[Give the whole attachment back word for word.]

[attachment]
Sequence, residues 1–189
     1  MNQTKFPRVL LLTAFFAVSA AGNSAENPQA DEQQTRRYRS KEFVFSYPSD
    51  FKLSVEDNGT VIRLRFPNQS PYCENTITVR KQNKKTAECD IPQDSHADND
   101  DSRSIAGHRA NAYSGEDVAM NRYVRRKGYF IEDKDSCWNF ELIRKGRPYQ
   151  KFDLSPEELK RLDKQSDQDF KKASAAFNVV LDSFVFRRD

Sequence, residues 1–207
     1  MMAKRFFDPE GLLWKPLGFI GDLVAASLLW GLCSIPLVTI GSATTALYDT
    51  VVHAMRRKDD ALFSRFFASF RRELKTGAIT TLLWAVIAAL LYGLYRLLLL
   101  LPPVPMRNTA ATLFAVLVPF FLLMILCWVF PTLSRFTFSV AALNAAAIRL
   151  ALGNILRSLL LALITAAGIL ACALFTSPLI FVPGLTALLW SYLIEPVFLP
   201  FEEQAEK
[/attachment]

Sequence, residues 1–189
     1  MNQTKFPRVL LLTAFFAVSA AGNSAENPQA DEQQTRRYRS KEFVFSYPSD
    51  FKLSVEDNGT VIRLRFPNQS PYCENTITVR KQNKKTAECD IPQDSHADND
   101  DSRSIAGHRA NAYSGEDVAM NRYVRRKGYF IEDKDSCWNF ELIRKGRPYQ
   151  KFDLSPEELK RLDKQSDQDF KKASAAFNVV LDSFVFRRD

Sequence, residues 1–207
     1  MMAKRFFDPE GLLWKPLGFI GDLVAASLLW GLCSIPLVTI GSATTALYDT
    51  VVHAMRRKDD ALFSRFFASF RRELKTGAIT TLLWAVIAAL LYGLYRLLLL
   101  LPPVPMRNTA ATLFAVLVPF FLLMILCWVF PTLSRFTFSV AALNAAAIRL
   151  ALGNILRSLL LALITAAGIL ACALFTSPLI FVPGLTALLW SYLIEPVFLP
   201  FEEQAEK